- The Water Garden was particularly appealing to me due to the fact that it included nature with the art of the man-made waterfall and the plants surrounding the pond. I am typically an outside person and was searching for a portion of the museum like this with the purpose of using it as my "Design of the Museum" topic.
- The natural lighting, use of space, and arrangement of the "art" created a very peaceful and serene atmosphere in which to relax and take a break from the sightseeing of the art inside the HARN. I appreciated the placement of the bridge and of the waterfall in the background. The fact that it was a sunny and breezy day made the lighting just right for a photo.
- This "exhibit" made me feel very calm and relaxed as I made my way throughout the rest of the museum. Going alone to the HARN and being able to witness all of the art and the garden in peace was a magnificent way to spend the day. The garden delighted me and helped to focus on the task at hand.
Art and Core Values
Navab, Aphrodite D. I Am Not a Persian Carpet #2. 2001. Gelatin silver print. HARN, Gainesville, Florida.
- This artwork appeals to my core values as a woman who is growing up in a world that treats my gender as an object. This artwork appeals to my anger, hate and sorrow about the way women are viewed all over the world.
- The visual representation of a pattern similar to a Persian Carpet stamped to the artist's midriff is extremely powerful. Navab is highlighting the fact that her body is not a commodity to be sold to the highest bidder. Also, after being born in Iran, this art is very shocking to the religious views of women in the East. This piece commands and challenges the visibility of women in public since they are normally covered up by burqas.
- Navab's work makes me appreciate the culture and the society that I live in where women are free to dress and behave however they choose. However, it also makes me aware of the difference in cultures regarding women all over the world.
- This work instills a sadness that women are still treated as lesser beings when we have come so far. It also creates a passionate anger that women should be treated like objects in the first place.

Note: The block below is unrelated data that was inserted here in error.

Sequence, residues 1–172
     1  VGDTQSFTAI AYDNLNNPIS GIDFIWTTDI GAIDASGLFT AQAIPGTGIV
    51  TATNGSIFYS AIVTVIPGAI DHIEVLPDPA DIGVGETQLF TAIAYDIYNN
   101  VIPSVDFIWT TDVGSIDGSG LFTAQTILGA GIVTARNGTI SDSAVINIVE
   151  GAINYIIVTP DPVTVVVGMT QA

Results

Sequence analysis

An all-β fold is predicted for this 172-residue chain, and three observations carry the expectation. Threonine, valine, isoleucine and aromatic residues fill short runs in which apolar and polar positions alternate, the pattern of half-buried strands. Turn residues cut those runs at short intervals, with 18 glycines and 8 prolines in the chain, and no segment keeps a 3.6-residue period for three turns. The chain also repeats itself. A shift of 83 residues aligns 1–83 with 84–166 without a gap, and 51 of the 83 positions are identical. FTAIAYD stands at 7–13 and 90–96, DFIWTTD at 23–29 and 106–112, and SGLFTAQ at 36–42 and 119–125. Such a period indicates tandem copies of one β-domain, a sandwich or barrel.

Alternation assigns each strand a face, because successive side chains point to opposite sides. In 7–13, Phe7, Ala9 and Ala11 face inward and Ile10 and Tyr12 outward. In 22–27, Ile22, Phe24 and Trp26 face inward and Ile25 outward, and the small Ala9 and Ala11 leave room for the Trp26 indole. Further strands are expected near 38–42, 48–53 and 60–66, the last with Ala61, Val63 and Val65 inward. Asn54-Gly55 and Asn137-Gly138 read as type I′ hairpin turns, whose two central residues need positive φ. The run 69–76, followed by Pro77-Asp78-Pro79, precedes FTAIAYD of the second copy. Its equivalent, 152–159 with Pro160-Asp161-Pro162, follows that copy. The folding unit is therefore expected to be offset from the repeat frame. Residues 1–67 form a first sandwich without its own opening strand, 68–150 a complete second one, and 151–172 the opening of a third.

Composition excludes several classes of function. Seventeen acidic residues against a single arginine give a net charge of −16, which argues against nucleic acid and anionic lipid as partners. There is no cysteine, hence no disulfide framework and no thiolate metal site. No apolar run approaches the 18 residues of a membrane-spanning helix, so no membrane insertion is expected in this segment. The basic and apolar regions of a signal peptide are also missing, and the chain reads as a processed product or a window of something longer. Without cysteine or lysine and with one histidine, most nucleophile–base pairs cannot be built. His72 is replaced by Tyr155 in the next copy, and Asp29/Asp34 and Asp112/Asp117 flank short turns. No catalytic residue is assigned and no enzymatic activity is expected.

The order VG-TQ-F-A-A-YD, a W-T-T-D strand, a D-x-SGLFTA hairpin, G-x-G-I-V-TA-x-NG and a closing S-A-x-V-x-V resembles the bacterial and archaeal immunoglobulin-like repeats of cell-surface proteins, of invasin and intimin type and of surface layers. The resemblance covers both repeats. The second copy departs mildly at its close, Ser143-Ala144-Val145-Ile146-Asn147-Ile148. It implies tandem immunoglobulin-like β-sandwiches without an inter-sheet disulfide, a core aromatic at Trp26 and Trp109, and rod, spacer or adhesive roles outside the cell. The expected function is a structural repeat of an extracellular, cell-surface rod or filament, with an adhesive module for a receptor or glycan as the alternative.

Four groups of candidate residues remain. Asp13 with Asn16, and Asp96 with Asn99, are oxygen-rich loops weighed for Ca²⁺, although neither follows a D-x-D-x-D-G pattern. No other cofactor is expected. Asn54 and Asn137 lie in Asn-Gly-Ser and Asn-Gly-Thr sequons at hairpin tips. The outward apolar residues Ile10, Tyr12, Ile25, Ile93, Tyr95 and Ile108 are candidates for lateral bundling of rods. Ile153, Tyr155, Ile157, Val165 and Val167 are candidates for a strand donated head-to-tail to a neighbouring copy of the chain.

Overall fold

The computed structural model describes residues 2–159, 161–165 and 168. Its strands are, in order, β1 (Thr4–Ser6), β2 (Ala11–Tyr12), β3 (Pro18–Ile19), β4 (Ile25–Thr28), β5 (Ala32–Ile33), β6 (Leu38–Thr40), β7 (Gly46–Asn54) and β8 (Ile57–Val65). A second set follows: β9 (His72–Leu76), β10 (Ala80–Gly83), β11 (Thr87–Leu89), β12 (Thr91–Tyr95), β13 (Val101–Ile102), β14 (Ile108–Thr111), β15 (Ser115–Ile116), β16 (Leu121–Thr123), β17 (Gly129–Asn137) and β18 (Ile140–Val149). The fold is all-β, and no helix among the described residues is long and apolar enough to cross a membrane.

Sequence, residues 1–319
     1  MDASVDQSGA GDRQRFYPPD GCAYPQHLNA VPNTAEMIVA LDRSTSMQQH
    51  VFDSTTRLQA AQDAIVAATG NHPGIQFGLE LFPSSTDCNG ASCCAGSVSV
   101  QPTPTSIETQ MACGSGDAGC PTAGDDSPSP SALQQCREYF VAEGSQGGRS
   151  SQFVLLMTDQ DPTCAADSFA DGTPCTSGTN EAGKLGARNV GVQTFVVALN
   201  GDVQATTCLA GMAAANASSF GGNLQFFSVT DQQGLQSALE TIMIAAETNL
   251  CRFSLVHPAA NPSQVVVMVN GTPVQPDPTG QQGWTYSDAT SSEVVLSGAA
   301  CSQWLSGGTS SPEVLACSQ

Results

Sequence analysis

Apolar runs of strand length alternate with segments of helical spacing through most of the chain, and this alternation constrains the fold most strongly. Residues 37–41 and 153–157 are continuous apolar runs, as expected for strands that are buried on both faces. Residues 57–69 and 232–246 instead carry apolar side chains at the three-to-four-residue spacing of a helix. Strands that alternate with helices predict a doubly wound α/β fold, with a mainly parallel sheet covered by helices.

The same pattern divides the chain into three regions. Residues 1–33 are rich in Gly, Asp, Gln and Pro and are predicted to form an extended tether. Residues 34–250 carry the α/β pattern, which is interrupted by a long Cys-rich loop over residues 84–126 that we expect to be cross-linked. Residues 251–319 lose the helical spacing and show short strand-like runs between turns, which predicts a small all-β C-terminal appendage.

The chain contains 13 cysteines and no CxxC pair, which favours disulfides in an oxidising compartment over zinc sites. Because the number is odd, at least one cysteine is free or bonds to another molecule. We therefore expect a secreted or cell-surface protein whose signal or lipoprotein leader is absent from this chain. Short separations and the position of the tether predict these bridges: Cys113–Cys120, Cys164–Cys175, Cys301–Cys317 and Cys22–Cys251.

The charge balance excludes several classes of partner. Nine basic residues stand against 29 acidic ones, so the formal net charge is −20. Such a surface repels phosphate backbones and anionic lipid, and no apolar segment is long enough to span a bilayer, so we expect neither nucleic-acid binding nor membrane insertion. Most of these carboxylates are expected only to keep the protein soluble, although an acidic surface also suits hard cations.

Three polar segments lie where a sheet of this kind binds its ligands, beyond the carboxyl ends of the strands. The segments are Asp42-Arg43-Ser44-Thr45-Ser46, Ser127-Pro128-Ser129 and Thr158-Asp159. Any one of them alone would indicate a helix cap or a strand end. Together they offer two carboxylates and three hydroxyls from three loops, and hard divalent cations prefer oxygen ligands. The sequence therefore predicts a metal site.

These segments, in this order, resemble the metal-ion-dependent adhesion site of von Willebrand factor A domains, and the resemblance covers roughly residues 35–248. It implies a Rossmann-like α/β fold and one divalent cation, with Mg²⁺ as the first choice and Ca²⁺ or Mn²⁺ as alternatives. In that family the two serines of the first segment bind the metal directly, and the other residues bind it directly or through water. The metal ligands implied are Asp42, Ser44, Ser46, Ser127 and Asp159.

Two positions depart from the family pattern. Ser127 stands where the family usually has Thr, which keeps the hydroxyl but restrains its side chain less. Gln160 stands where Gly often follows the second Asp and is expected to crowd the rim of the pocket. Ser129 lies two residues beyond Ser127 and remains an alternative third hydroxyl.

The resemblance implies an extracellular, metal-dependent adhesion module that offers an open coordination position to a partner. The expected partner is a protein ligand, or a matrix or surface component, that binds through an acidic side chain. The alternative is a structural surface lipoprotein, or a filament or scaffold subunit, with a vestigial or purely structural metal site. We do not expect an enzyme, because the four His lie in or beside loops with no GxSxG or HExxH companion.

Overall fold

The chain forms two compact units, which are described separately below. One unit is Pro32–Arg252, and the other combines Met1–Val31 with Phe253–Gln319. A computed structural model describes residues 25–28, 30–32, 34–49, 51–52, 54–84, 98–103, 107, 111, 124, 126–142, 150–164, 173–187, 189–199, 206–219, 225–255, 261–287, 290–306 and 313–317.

- Navab's piece helps me understand that despite the wage gap and the sexualization and standards of women in the media, I am still lucky to live in America where I have the freedom to decide my own actions and course in life. I cherish these freedoms deeply.
Art and the Good Life
Guerrilla Girls. Do Women Have to Be Naked to Get Into the Met Museum? Update. 2012. Print. HARN, Gainesville, Florida.
Guerrilla Girls. Women in America earn only 2/3 of what men do. 1985. Print. HARN, Gainesville, Florida.
- The multiple print pieces made by the Guerrilla Girls convey the theme of injustice in the Good Life since they represent the over-sexualization of women in art and also the under-representation of female artists. Finally, the print represents the wage gap between women and men of all occupations and then specifically between artists.
- The Good Life theme depicted in the art is the inequality of the female gender based on the representation of women in the artistic sphere and also the wage gap between men and women.
- These print pieces communicate the theme of inequality bluntly and broadly. "Do Women Have to Be Naked to Get Into the Met Museum?" was stretched before the entrance of the exhibit and was extremely large. Fortunately, there was also a smaller version that I could take a picture with. The certainty that it strongly represents the facts in an "in-your-face" manner adds to the understanding that many people look over the inequalities that women still suffer. I appreciate the abrasive manner represented by the pieces and the feminism and passion that they invoke.